In my flailing attempts to solve this problem, I hit on the idea of trying not to solve it, but to work around it. I’d base my categorization of subjects not on what they are, but on how they’re communicated. It seemed to me that poetic subjects are communicated in one or more of three ways (or, to give this scheme an intellectual ring, three “modes”): by expressing, evoking, and addressing. Poems that communicate their subjects by expressing give vent to an emotion. Poems that communicate their subjects by evoking make a place, a person, an object—a something—present to the reader. Poems that communicate their subjects by addressing give the impression of being literally spoken to a listener. This mode has by far the largest representation in poetry, encompassing prayers, odes, declarations of love, verse letters, narratives (which are addressed to a circle of listeners sitting around a Platonic campfire), verse plays (whose characters address one another), soliloquies and meditations (which are addressed to oneself), dialogues. . . .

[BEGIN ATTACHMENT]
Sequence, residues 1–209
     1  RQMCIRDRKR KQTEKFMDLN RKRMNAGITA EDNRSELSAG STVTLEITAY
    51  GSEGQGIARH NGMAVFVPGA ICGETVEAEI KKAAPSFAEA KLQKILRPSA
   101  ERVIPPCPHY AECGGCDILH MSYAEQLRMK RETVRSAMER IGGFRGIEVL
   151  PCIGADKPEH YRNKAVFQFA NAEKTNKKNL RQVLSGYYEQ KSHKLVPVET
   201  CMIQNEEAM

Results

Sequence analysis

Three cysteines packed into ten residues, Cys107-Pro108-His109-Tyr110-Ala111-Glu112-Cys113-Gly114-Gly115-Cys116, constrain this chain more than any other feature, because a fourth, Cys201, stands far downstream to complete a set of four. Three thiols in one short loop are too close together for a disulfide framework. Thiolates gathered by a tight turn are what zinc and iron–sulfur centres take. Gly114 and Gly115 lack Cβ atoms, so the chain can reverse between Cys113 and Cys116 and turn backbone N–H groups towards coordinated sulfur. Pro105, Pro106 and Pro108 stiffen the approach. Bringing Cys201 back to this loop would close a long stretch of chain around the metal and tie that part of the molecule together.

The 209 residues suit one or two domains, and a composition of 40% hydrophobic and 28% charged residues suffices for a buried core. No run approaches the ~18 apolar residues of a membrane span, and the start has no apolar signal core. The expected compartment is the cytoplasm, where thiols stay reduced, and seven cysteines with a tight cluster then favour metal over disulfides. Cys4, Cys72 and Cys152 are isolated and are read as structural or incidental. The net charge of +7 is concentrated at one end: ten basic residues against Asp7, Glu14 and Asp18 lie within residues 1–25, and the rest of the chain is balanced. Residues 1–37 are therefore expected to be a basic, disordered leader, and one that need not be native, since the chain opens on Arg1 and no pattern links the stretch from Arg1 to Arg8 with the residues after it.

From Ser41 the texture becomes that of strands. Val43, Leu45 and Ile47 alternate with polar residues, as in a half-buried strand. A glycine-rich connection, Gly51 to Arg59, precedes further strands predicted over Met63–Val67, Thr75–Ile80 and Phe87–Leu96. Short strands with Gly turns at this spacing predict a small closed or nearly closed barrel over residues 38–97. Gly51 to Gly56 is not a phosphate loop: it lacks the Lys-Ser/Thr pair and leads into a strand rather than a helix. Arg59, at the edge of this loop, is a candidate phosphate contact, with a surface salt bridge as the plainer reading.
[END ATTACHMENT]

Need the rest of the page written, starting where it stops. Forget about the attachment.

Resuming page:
So, I’d “solved” the problem of subject categorization by shifting its terms (a polite way of saying, by punting on it). Oh well, at least my postulated “modes of communication” had the virtue, it seemed to me, of covering the waterfront where subjects are concerned. My sample would include subjects representing each mode. Having arrived at a workable basis of selection, I chose a sample of subjects from the canon and wrote up a discussion of each of them (with some attention, necessarily and I hoped excusably, to the poem that featured it).